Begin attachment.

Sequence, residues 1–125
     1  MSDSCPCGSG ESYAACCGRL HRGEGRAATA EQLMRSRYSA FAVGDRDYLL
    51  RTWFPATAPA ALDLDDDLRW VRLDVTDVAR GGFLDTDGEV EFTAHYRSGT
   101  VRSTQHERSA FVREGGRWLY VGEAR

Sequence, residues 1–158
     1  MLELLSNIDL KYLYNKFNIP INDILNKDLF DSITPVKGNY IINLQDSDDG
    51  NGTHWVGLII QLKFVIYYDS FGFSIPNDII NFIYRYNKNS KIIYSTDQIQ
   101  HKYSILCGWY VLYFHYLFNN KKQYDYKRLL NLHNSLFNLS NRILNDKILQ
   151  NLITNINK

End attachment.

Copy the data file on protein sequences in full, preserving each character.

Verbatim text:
Sequence, residues 1–125
     1  MSDSCPCGSG ESYAACCGRL HRGEGRAATA EQLMRSRYSA FAVGDRDYLL
    51  RTWFPATAPA ALDLDDDLRW VRLDVTDVAR GGFLDTDGEV EFTAHYRSGT
   101  VRSTQHERSA FVREGGRWLY VGEAR

Sequence, residues 1–158
     1  MLELLSNIDL KYLYNKFNIP INDILNKDLF DSITPVKGNY IINLQDSDDG
    51  NGTHWVGLII QLKFVIYYDS FGFSIPNDII NFIYRYNKNS KIIYSTDQIQ
   101  HKYSILCGWY VLYFHYLFNN KKQYDYKRLL NLHNSLFNLS NRILNDKILQ
   151  NLITNINK